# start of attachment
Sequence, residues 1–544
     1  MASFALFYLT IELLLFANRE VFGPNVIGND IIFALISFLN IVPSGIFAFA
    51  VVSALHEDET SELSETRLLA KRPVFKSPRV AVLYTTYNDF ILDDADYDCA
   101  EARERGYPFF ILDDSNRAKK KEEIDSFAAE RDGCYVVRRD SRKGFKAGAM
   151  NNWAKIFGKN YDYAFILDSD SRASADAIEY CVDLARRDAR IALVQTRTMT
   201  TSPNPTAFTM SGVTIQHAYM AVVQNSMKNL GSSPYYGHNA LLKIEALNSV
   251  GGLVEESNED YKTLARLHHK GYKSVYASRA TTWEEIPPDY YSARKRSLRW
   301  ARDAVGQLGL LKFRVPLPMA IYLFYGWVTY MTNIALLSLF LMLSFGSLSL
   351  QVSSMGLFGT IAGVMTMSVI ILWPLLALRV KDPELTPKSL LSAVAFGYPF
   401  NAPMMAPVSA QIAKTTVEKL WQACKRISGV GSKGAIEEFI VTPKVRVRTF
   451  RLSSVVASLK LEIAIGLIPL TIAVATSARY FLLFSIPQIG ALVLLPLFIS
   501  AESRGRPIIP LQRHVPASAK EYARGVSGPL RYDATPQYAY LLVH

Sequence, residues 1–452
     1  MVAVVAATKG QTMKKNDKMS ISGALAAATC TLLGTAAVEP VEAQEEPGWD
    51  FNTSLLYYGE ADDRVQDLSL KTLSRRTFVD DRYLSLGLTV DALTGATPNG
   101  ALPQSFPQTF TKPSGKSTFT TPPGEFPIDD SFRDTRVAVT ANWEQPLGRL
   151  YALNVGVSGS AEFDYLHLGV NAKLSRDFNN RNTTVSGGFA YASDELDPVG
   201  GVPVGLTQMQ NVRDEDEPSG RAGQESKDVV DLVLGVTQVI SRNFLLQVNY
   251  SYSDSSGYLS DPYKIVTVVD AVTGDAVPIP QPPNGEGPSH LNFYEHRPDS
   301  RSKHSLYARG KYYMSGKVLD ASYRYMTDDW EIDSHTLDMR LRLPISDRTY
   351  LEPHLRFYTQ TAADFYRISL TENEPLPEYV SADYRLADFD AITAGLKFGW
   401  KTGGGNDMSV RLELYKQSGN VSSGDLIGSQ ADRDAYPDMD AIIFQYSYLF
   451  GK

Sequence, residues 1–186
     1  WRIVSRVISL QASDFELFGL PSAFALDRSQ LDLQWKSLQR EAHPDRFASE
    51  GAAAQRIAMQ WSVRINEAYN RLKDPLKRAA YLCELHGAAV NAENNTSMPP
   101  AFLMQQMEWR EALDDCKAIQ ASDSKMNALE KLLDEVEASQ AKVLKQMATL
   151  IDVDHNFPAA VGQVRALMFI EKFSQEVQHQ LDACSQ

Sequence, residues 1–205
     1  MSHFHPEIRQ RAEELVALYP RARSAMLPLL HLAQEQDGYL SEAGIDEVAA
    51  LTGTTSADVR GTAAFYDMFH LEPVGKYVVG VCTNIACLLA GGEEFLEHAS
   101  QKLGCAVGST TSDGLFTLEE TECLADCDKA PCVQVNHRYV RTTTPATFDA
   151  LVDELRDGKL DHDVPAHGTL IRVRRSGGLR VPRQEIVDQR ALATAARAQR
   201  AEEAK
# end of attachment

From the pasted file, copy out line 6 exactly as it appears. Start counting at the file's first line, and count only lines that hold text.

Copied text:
   201  TSPNPTAFTM SGVTIQHAYM AVVQNSMKNL GSSPYYGHNA LLKIEALNSV